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Princess Tomohito of Mikasa

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Nobuko
Princess Tomohito of Mikasa
Princess Nobuko (cropped).jpg
Nobuko in June 2017
BornNobuko Asō (麻生信子)
(1955-04-09) 9 April 1955 (age 64)
Shibuya, Tokyo, Japan
Spouse
Prince Tomohito of Mikasa
(m. 1980; died 2012)
Issue
HouseImperial House of Japan (by marriage)
FatherTakakichi Asō
MotherKazuko Yoshida

Princess Tomohito of Mikasa (寛仁親王妃信子, Tomohito Shinnōhi Nobuko) (born Nobuko Asō (麻生信子, Asō Nobuko); 9 April 1955) is a member of the Japanese Imperial Family as the widow of Prince Tomohito of Mikasa. She is also known as Princess Nobuko.[1]

Background and education[edit]

Nobuko, a Roman Catholic, was born on 9 April 1955 in Tokyo. She is the third daughter and youngest child of Takakichi Asō (麻生太賀吉, Asō Takakichi, 1911–1980), the chairman of the Aso Company (best known originally for its activities in the development of coal mines and metallurgy, but today mainly specializing in cement making, as well as being in the medical, environmental and real estate business) and a member of the House of Representatives from 1949 to 1955. He was also a close associate of Prime Minister Kakuei Tanaka. Her mother, Kazuko Yoshida (吉田和子, Yoshida Kazuko, 1915–1996), was the daughter of Prime Minister Shigeru Yoshida. Her elder brother is the former Prime Minister and current Deputy Prime Minister Tarō Asō.

Through her paternal grandmother, she descends from a younger branch of the feudal Ichinomiya clan. She is the great-granddaughter of the diplomat Count Nobuaki Makino (牧野伸顕, Makino Nobuaki, 1861–1949) and the great-great-granddaughter of the samurai Ōkubo Toshimichi, famous for having been the cause of the Satsuma Rebellion in 1877.

She studied in England and graduated from Rosslyn House College in 1973. After returning to Japan, she taught English in Shoto kindergarten in Tokyo which she herself founded in the district of Shibuya.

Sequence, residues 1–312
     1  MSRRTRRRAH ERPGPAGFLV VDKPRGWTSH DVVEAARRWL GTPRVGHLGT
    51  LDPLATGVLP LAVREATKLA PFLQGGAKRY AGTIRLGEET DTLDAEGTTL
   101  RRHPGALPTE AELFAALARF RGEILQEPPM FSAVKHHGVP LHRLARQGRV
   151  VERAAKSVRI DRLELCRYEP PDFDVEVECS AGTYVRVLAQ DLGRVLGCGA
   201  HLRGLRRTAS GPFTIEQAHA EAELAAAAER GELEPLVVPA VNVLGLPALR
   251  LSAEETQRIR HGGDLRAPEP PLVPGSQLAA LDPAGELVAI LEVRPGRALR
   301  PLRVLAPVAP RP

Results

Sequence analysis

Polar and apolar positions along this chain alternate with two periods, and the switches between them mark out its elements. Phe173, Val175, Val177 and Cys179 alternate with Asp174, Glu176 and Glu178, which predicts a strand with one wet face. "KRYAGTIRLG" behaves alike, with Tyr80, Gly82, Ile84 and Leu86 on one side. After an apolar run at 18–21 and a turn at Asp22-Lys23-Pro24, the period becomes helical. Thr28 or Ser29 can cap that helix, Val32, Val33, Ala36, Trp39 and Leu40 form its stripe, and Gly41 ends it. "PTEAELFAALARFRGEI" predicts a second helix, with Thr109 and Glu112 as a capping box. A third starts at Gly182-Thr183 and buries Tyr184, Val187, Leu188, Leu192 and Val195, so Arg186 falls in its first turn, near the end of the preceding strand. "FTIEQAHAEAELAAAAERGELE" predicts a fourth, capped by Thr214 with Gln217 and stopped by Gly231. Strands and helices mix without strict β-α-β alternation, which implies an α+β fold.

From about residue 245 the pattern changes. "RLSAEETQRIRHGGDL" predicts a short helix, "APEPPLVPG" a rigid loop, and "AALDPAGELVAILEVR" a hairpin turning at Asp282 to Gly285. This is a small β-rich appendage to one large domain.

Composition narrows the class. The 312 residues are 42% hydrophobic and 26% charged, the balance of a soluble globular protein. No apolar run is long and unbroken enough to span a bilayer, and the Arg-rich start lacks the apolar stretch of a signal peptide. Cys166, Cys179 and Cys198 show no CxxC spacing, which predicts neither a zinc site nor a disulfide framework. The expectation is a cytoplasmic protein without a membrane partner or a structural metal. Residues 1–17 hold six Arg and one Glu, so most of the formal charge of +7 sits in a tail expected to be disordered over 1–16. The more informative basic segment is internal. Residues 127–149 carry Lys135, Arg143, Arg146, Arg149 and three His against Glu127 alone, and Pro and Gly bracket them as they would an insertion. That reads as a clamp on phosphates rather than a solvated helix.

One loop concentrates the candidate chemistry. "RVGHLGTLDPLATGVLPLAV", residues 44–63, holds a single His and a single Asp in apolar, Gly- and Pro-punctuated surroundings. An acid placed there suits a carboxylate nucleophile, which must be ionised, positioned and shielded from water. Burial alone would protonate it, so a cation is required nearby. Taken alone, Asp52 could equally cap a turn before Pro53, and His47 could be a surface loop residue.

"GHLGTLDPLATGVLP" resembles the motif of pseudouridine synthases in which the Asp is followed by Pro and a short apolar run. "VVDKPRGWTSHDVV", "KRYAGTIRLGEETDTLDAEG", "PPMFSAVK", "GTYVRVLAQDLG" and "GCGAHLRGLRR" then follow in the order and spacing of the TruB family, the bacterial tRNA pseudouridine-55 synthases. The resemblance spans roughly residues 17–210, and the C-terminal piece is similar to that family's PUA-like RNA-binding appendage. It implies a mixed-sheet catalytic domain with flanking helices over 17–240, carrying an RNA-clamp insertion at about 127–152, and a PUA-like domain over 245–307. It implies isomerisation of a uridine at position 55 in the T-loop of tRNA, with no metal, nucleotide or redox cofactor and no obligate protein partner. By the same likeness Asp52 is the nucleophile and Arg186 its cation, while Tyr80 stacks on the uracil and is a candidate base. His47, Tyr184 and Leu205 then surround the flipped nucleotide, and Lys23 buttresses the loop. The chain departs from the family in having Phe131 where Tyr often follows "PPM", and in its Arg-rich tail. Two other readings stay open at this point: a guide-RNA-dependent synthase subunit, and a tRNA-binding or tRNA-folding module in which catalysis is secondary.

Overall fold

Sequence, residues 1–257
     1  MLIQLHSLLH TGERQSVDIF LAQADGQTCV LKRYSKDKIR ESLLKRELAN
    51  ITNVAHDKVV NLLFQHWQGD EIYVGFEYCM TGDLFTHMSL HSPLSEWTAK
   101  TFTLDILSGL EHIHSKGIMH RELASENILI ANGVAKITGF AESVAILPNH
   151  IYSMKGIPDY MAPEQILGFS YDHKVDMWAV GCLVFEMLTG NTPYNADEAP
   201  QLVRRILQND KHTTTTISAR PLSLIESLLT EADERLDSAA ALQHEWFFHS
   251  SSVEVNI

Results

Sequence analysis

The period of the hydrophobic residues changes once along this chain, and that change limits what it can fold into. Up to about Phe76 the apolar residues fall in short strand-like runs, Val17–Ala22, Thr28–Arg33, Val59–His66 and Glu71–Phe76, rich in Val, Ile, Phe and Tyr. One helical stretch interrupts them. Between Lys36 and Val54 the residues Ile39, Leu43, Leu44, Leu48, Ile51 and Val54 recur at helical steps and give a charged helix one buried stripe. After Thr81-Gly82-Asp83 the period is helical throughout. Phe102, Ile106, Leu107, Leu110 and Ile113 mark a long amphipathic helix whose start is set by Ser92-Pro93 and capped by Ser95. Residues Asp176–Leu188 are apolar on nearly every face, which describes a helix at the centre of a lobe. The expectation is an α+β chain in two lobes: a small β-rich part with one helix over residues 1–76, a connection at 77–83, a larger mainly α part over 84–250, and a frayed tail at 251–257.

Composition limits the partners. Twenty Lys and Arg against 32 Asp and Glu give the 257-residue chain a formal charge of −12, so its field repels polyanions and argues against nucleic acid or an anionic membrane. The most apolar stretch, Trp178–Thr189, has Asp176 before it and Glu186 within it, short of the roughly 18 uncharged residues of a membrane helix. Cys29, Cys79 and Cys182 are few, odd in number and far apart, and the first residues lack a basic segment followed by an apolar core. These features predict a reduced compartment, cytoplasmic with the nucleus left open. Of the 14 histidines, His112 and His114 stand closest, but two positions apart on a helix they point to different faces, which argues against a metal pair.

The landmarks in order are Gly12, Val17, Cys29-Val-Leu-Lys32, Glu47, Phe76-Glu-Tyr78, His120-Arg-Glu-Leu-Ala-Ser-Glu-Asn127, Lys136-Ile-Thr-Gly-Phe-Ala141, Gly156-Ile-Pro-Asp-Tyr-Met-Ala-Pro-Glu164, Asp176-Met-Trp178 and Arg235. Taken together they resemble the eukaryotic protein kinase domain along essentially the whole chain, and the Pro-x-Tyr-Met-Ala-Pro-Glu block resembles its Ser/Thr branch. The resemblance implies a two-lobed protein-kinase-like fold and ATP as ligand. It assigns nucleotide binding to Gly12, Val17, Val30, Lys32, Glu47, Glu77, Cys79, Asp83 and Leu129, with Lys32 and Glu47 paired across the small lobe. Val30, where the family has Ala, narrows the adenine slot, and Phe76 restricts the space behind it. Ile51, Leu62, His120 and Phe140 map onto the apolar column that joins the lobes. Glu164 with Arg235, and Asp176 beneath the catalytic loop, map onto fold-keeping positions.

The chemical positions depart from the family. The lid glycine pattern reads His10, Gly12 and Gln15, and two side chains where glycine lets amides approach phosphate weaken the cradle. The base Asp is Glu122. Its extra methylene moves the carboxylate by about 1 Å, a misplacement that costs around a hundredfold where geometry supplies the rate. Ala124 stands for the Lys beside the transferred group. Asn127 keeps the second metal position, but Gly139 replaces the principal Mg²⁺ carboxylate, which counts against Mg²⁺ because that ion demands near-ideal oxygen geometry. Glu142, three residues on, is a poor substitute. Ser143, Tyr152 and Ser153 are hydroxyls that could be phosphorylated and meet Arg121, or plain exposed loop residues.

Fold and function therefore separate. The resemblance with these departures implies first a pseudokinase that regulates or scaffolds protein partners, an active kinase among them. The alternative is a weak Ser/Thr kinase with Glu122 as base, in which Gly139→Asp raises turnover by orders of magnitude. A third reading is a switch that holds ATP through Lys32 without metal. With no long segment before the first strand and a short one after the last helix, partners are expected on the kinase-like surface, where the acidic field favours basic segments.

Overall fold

Marriage and children[edit]

It was in the UK when she met her future husband, Prince Tomohito of Mikasa, himself a student at Oxford University. His first marriage proposal was rejected in 1973 because of Nobuko's young age. The Imperial Household Council announced the engagement of Prince Tomohito of Mikasa and Nobuko Asō on 18 April 1980 and the engagement ceremony was held on 21 May 1980. The wedding ceremony took place on 7 November 1980 and she became Princess Tomohito of Mikasa. As tradition dictates, upon her entry into the imperial family and like other members, she received a personal emblem (o-shirushi (お印)): the flower of prunus persica (hanamomo (花桃)). Born a Roman Catholic, she is not the first Christian to enter the imperial family (Empress Michiko also comes from a Catholic family and was raised in Christian religious institutions), but she is the first to be baptized.

The couple had two daughters:

  • Princess Akiko (彬子女王, Akiko Joō, born 20 December 1981 in Tokyo)
  • Princess Yōko (瑶子女王, Yōko Joō, born 25 October 1983 at Japanese Red Cross Medical Center in Tokyo)

The family lived in a compound within the Akasaka Estate complex, in Akasaka Minato, Tokyo. In October 2009, she separated her residence from her husband and children.[2]

Widowhood[edit]

The Princess became a widow on 6 June 2012, upon the death of her husband. In June 2013 in a statement about the Prince's household, it was announced by the Imperial Household Agency that "it [had] reduced the number of households in the Imperial family by one", integrating it into the household led by his father.[2] According to the agency's officials the household integration won't have any effect on the lives of the widow and daughters of Prince Tomohito.[2]

Official duties[edit]

The Princess accompanied her husband on various missions abroad to charity and welfare events, especially those concerning health issues. She is engaged in various welfare organisations and holds positions as president and vice-president.

In 1990, the Prince and Princess visited Turkey to attended the celebrations held for the 100th year of relations between Japan and Turkey.[3] In December 1992, the couple visited the cancer ward at New York Medical College. In May 1994, they went to Hawaii mainly to attend a charity dinner held for the reconstruction of Kuakini Hospital. In February 1994, the Prince and Princess went on a trip to Norway to attend the Lillehammer Winter Olympics.[3] In July 1994, Nobuko visited Australia on her own to support the Sydney Royal Research Institute for those with visual and listening disabilities.[3] In April 1998, Tomohito and Nobuko travelled to Turkey to attend the opening ceremony of the Turkey-Japan Foundation Cultural Centre.[3] In July 2003, the Princess in her capacity as Honorary President of the Japan Rose Society, visited Glasgow, United Kingdom, to attend the World Rose Convention.[3]